Researchers have added a couple of new gadgets to the gene-editing toolbox, STAT reported 25 October. One system, dubbed REPAIR, targets RNA instead of DNA. RNA carries copies of a cell’s protein-building instructions. Editing these copies sidesteps some of the pitfalls of editing the DNA original. REPAIR was developed by CRISPR trailblazer Feng Zhang of the Broad Institute of MIT and Harvard.
The second tool, called ABE, offers a lighter editing touch than CRISPR. It swaps out single DNA letters rather than clipping out larger pieces of DNA. David Liu of Harvard University developed the tool, STAT reported.
There is accumulating evidence that intelligence test scores can change considerably with age in children who have autism. Researchers tracking scores for 102 children on the spectrum from ages 2 to 8 years found leaps bigger than 30 points in intelligence quotient (IQ) scores in more than a third of the group. They published their findings 27 October in Autism Research. (Spectrum reported the unpublished results from the International Meeting for Autism Research in May.)
The investigators identified four patterns of IQ trajectories in the children: a low initial IQ score that remains unchanged, a low initial IQ score that declines slightly, an average score that remains stable, and a low initial score that increases substantially. Overall, about 75 percent of the children showed improvements with age, and 14 percent no longer met the criteria for autism at age 8.
The advocacy group Autism Speaks asked for input from the autism community about research priorities for its upcoming three-year strategic plan. Compared with the results of a similar 2012 survey, the 6,000-plus respondents this time expressed greater interest in the experiences of adults with autism and co-occurring conditions such as gastrointestinal troubles, Disability Scoop reported 31 October.
Respondents expressed less concern about environmental factors and immune dysfunction. A total of 500 people with autism responded to the survey, Autism Speaks said in a statement.
The Society for Neuroscience has created an interactive brain that users can manipulate to view specific regions, along with brief descriptions of the functional relevance of each area. Spectrum gave it a test run on 31 October. The tool is enlightening for researchers, students and brain-curious citizens alike.
Some people with autism register less activity in the fusiform face area, a brain region associated with recognizing faces. To address the question of whether this region has any other function, researchers used electrodes to stimulate the fusiform face area in a man undergoing neurosurgery.
He reported seeing illusory faces, which the researchers dubbed ‘facephenes,’ during the stimulation. He saw rainbows with stimulation of adjacent color-perception regions, according to results reported 30 October in the Proceedings of the National Academy of Sciences. The investigators concluded that at least some brain areas do not multitask and are reserved for single mental processes.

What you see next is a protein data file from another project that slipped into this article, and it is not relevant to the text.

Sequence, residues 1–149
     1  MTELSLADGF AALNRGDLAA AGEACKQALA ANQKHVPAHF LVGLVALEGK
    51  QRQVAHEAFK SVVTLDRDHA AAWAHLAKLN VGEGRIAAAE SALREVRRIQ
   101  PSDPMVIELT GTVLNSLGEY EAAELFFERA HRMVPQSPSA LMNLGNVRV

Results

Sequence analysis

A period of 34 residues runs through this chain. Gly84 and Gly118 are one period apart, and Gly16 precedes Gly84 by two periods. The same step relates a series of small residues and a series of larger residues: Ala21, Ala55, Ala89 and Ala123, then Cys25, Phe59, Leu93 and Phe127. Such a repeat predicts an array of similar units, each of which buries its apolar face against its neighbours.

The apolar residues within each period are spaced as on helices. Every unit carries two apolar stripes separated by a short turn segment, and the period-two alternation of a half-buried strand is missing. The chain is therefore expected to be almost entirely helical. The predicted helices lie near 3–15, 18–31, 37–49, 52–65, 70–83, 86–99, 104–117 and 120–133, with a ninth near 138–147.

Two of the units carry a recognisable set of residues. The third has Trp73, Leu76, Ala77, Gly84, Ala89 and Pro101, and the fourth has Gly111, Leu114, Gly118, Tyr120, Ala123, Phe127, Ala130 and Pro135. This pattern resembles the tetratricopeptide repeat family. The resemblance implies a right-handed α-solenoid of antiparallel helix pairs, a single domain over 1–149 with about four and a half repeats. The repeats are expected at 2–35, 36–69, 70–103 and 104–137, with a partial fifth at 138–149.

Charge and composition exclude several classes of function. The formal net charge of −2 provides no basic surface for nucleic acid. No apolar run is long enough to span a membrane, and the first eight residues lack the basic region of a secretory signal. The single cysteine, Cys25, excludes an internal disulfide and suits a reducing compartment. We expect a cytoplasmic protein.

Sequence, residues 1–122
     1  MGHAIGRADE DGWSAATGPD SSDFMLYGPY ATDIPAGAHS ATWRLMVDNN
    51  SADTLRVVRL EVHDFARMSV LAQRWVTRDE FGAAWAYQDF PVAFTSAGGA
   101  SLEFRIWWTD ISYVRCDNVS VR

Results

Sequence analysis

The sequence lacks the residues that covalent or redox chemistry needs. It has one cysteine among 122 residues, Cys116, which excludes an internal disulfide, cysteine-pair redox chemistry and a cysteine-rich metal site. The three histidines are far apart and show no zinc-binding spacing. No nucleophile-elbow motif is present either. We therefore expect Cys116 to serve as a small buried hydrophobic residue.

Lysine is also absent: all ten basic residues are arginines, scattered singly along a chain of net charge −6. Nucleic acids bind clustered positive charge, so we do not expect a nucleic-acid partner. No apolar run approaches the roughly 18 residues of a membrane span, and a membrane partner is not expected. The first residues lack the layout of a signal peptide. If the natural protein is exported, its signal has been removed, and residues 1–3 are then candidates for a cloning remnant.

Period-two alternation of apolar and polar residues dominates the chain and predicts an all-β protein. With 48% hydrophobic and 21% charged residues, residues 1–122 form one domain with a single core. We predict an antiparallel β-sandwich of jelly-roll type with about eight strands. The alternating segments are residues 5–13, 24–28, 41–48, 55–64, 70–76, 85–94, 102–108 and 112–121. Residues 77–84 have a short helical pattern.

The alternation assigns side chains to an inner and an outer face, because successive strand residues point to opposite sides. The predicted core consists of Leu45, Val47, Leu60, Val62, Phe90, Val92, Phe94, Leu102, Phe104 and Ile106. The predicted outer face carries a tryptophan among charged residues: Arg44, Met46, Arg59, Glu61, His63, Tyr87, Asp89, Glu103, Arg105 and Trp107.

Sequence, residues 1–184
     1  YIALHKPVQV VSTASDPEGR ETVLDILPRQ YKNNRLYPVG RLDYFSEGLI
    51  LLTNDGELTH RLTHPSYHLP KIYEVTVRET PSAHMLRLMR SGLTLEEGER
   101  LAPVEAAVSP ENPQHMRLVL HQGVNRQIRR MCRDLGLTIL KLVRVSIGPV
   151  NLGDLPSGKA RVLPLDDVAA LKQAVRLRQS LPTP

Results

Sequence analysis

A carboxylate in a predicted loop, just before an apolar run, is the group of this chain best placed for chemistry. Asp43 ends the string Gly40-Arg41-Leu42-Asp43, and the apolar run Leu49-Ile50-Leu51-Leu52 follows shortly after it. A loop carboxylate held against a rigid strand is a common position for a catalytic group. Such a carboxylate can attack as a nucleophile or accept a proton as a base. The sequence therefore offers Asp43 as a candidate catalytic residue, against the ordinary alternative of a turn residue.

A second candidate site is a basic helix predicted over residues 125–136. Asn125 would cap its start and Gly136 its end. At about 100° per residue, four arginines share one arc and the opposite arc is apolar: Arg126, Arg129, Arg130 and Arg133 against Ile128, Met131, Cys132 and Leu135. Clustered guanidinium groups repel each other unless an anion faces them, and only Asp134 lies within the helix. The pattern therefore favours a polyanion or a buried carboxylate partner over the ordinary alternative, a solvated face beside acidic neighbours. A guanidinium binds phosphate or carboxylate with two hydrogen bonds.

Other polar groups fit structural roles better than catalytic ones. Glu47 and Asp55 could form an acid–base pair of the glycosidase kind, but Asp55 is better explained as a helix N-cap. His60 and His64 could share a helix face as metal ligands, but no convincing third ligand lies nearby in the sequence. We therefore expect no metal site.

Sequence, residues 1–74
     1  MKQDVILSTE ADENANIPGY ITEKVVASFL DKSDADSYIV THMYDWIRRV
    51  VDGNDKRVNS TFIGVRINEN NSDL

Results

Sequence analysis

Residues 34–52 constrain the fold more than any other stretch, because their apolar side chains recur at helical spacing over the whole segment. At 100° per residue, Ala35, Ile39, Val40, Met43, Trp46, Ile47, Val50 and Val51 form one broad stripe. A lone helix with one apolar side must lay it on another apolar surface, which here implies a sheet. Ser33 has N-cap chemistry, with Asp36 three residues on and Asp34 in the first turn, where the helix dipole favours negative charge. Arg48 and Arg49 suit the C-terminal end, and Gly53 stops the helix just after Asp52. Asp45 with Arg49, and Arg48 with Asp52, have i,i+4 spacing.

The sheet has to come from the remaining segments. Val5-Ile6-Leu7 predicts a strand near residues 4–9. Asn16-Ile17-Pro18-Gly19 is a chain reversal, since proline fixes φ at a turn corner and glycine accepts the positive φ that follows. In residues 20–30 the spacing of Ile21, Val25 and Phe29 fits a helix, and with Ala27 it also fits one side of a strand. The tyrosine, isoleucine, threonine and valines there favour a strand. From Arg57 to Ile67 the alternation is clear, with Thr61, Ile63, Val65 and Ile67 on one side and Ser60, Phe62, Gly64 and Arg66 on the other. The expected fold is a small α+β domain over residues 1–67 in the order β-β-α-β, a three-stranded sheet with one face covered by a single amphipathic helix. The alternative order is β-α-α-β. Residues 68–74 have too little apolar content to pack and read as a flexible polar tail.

Autism is among many disabilities that observers can’t always readily detect. The result can be misunderstandings about everything from social behavior to having a disabled parking badge. Disability activists seeking to boost awareness about these issues are using a Twitter hashtag, #InvisiblyDisabledLooksLike, to share their experiences, BBC News reported 25 October.
The United States may achieve a comedy critical mass on 18 November when HBO airs “Night of Too Many Stars: American Unites for Autism Programs.” Jon Stewart will host, joined by such comedy luminaries as Chris Rock and Stephen Colbert, Disability Scoop reported 27 October. Proceeds benefit the nonprofit NEXT for AUTISM.
States are digging into rainy-day funds to continue covering enrollees in the U.S. federal Children’s Health Insurance Program. The program provides health insurance for millions of children whose families don’t qualify for Medicaid but still need support. Political parties can’t agree on how to fund the program if they reauthorize it. The House was expected to vote on a Republican plan this week, The Hill reported on 29 October.
The evolutionary basis of autism and other neurodevelopmental conditions is attracting growing attention. One reason is that huge global databases of human genomic information, along with a little Neanderthal DNA, now make such evolutionary investigations possible, Nature reported 30 October. Researchers can mine the databases for regional sequence differences and compare them with sequences lifted from Neanderthal samples.
Autism researcher Charles A. Nelson of Boston Children’s Hospital has received the Ruane Prize from the Brain & Behavior Research Foundation. The prize recognizes important advances in the understanding and treatment of early-onset brain conditions, the foundation announced 30 October.
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